It wasn’t easy for our spotter to find animals for our crew at sea today and both our boats had to travelled far to the sightings area today….but it was definitely worth it! Both our boats travelled to the waters of Cabo Girão to meet a group of Sperm whales (Physeter macrocephalus) that were in the middle of socialising at the surface. These gentle giants make sure to use their time at the surface wisely and spend it socialising or blissfully resting and preparing for their next deep foraging dive. Our traditional boat even managed an encounter with Short-finned pilot whales (Globicephala macrorhynchus), a species that displays a similar social structure to that of the Sperm whales. In the case of both species, males and females differ in their life cycles with females remaining with their birth pod and nurturing a matriarchal social structure whilst males leave and often form groups with other males. As they age, Sperm whale bulls even resort to a more solitary lifestyle and wander across the oceans as nomads.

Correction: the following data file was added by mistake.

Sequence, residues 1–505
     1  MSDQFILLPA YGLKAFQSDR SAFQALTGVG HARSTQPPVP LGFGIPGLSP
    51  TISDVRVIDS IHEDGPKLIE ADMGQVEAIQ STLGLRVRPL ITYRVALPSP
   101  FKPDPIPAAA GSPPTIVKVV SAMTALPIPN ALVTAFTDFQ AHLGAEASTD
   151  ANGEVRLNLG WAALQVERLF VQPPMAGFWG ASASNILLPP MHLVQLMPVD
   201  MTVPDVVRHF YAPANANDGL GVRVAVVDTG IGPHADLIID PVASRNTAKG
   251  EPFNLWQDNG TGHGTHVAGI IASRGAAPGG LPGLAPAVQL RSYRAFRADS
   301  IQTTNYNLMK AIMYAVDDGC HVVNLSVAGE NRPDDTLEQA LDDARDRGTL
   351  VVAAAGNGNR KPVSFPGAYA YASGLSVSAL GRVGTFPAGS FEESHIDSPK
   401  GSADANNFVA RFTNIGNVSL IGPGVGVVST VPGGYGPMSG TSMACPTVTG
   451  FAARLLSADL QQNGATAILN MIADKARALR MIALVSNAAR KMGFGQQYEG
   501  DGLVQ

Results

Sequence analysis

The social structure typical for Blainville’s beaked whales (Mesoplodon densirostris), the timid species that was encountered this afternoon, is quite different. Despite the little that is known about the social life of beaked whales, it is assumed that Blainville’s beaked whales live in harem structures, with an alpha male protecting and leading his group of females. The deep scars and emerging tusks that are characteristic for the bulls are reminiscent of competitive fights that may occur between males over their female groups.
Even though these deep divers forced our boats to venture far today and often are tricky for our spotter to keep track of, the journey was absolutely worth it!
By Paula Thake
Sightings of the day
10:00 Short-finned pilot whales, Sperm whales
14:30 Blainville’s beaked whales
10:00 Sperm whales